Inside this issue
End frame: Laurent Kronental « Souvenir d’un Futur »
Elliott Verdier chooses one of his favourite images
Elliott Verdier is a young French photographer who attracted attention and awards few times for his reports on human condition done in different parts of the world: Indonesia with afghan refugees, Burma with drug addicts in a rehab centre or Mongolia in polluted suburbs of Ulanbaataar. He has now decided to dedicate his photography to long term projects, far from hot news, entering into intimacy of the people he takes pictures of, with his 4x5 large format camera.
It's dawn, and the few streets you can discern at the foot of these strange towers are still deserted by life. We imagine it still asleep, stretched out behind these tiny windows that we come to scrutinize. They're eye-shaped, and you wonder whether we're looking at them or they're spying on you. The sky is turning yellow with the sun's first rays, and the bluish towers are still struggling to warm up. They have a strange allure, like science fiction that has aged a little, weathered by time, days, nights and the sun that tirelessly rises and sets.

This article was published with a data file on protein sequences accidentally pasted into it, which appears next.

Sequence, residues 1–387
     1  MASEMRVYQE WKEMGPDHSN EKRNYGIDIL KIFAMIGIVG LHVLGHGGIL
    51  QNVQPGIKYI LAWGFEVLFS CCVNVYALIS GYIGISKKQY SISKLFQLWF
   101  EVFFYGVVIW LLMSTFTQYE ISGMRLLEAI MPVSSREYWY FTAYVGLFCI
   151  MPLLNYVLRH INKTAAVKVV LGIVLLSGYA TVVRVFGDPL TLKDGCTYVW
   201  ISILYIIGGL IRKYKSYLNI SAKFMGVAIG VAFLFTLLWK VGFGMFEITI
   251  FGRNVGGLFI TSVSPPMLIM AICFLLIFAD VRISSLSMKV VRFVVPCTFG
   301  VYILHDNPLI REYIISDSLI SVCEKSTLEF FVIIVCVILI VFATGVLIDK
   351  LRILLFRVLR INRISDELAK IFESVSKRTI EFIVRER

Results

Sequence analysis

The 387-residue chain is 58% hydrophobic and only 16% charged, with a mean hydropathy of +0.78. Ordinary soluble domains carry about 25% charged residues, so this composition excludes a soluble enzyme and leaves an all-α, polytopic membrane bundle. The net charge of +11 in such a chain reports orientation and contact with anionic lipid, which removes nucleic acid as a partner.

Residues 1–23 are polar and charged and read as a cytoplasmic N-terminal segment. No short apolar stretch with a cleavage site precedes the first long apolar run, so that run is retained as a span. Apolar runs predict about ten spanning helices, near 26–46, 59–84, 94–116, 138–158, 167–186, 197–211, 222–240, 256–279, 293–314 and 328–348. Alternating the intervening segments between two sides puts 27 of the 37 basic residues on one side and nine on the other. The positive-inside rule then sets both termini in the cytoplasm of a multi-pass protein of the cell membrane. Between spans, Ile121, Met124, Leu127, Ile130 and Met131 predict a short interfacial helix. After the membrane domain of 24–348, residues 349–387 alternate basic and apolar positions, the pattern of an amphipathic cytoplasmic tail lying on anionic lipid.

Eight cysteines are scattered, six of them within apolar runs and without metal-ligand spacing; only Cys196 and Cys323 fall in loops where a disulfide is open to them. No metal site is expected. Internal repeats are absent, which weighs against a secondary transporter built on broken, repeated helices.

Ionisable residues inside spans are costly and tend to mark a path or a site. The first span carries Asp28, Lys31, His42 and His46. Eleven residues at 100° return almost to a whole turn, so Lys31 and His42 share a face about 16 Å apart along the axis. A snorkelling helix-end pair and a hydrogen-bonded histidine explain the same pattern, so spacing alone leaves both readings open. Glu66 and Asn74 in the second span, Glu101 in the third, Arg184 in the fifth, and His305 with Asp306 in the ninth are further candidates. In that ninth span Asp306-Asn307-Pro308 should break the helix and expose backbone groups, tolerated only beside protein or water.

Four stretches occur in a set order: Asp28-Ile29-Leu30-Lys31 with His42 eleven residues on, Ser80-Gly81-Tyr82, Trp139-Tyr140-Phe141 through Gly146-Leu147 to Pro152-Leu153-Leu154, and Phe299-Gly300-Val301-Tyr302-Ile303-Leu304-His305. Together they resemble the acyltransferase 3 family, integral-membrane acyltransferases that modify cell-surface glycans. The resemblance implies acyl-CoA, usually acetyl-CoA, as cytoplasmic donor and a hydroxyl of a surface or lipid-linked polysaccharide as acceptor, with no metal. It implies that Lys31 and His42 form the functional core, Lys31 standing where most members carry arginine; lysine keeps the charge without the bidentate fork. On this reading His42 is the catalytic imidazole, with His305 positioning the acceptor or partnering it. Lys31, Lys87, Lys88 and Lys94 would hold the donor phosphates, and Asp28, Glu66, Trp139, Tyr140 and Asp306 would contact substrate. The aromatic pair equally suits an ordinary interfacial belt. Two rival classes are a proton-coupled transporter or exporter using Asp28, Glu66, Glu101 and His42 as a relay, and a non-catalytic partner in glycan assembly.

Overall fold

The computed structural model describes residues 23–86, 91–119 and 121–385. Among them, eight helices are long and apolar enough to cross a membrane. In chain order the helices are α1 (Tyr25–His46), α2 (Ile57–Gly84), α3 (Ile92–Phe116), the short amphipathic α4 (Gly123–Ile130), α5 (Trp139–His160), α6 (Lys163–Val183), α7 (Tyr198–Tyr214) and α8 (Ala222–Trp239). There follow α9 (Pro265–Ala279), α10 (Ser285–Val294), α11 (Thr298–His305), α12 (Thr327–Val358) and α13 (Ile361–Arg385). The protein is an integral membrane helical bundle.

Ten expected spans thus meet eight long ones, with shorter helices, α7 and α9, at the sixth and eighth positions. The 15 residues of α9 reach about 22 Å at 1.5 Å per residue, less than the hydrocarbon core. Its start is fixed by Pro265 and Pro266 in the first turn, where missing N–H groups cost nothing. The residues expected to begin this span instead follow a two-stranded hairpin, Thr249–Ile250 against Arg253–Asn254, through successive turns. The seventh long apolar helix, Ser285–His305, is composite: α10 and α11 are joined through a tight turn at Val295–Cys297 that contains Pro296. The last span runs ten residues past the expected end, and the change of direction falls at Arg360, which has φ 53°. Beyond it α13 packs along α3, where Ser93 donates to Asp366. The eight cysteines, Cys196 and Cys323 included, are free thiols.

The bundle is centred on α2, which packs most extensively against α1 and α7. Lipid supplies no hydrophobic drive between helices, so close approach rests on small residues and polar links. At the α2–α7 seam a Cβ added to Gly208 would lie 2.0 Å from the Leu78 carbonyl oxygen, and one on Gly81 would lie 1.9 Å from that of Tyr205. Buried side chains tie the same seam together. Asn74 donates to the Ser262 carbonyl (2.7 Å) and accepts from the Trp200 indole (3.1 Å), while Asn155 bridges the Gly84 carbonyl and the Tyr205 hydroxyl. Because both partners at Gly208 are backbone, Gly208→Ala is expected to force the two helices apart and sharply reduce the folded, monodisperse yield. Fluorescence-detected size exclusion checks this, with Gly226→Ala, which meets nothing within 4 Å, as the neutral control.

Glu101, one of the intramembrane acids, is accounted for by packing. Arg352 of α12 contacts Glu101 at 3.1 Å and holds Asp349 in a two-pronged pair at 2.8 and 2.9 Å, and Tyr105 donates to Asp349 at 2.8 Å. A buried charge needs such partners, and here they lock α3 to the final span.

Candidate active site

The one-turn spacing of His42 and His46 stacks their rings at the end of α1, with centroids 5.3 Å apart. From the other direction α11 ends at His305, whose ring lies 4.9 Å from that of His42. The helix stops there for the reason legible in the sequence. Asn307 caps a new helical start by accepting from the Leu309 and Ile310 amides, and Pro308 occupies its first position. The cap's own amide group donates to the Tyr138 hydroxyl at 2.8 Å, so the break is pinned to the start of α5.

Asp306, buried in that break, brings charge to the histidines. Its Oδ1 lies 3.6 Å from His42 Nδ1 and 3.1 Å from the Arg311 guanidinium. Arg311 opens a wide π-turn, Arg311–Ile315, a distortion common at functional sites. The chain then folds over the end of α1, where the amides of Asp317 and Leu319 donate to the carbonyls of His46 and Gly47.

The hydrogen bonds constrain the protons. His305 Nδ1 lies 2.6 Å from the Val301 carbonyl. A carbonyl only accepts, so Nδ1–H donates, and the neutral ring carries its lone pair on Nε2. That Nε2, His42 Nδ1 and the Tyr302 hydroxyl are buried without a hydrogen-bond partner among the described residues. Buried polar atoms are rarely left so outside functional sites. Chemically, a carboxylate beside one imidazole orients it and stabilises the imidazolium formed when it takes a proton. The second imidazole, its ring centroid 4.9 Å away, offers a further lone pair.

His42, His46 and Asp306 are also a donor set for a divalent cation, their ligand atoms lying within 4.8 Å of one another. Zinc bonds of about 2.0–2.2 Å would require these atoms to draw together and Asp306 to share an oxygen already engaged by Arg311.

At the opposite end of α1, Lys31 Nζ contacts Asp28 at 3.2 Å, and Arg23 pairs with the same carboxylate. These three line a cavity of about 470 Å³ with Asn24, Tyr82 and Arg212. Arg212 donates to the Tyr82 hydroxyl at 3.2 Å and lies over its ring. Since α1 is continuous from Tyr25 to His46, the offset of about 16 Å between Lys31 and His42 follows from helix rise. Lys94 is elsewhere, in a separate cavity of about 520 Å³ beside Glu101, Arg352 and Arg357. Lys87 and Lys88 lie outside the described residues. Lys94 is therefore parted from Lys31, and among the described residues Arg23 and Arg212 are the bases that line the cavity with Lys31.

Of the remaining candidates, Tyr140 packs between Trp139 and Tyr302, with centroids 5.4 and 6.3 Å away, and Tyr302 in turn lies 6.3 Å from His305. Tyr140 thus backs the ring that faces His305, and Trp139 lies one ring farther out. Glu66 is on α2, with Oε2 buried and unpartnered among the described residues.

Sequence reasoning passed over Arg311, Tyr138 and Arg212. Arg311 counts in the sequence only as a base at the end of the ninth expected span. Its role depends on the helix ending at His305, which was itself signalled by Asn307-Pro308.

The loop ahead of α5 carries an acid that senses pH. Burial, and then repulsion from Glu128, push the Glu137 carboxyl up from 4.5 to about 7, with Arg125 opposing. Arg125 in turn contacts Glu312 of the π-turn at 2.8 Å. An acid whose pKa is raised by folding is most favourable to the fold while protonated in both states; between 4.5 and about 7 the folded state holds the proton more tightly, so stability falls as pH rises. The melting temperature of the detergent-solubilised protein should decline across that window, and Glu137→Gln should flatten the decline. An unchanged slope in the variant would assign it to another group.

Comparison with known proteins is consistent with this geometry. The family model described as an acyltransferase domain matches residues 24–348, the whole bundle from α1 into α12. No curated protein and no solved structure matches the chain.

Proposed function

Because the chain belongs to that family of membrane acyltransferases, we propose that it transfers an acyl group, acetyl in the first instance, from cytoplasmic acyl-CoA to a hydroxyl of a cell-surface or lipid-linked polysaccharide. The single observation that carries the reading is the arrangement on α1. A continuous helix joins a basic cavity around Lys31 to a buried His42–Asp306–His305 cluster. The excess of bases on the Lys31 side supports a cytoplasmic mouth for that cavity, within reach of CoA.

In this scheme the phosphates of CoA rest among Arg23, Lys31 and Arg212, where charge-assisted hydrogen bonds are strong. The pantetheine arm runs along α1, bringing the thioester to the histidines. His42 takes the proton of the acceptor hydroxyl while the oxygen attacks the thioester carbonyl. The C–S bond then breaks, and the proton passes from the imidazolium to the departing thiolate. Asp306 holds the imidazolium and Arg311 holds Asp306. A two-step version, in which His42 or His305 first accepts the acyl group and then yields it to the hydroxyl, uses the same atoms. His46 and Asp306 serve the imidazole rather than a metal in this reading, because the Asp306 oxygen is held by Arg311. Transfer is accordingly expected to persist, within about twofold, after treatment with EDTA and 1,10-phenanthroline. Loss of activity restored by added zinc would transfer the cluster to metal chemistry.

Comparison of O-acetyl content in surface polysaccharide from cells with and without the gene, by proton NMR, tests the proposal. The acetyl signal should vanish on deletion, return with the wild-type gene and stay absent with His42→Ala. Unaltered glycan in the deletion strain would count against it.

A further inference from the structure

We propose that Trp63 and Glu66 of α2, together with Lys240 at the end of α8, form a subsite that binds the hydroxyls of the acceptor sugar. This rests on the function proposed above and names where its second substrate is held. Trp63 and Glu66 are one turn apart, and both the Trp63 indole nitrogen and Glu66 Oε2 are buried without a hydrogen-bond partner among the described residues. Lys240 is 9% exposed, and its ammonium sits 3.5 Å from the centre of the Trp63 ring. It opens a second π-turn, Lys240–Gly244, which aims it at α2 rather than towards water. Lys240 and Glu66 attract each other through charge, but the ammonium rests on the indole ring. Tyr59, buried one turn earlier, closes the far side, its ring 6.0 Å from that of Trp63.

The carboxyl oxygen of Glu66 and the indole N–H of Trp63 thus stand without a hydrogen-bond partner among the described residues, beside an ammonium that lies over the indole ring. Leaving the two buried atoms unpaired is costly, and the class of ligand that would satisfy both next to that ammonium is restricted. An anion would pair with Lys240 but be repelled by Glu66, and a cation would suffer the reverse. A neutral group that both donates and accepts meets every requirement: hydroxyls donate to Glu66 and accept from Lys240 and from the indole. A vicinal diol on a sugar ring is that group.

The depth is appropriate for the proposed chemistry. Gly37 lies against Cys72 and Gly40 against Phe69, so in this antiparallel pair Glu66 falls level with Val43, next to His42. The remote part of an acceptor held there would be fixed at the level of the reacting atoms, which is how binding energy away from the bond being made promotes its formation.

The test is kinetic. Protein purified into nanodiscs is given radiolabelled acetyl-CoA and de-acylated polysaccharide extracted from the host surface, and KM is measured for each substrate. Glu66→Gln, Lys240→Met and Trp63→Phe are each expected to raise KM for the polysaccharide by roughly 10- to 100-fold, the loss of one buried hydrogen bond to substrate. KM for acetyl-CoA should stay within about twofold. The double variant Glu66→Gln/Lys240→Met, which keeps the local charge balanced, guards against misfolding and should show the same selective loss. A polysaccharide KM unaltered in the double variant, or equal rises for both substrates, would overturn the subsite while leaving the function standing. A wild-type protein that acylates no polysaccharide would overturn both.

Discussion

We are in France, in the Parisian suburbs, where for four years, photographer Laurent Kronental has focused on the large-scale architectural complexes hastily built after the Second World War and the elderly people who inhabit them. "Souvenir d'un futur" captures the striking contrast between the ageing generation who occupy these grandiose Brutalist-style residential complexes and the futuristic architecture that was once considered a symbol of progress and modernity.
Today, however, reality seems a far cry from the imagination of yesteryear. The suburbs are the focus of some of France's major tensions, usually embodied by a distraught youth whose future no longer looks so prosperous. Issues such as immigration, integration, unemployment and, more broadly, global warming are clouding the skyline.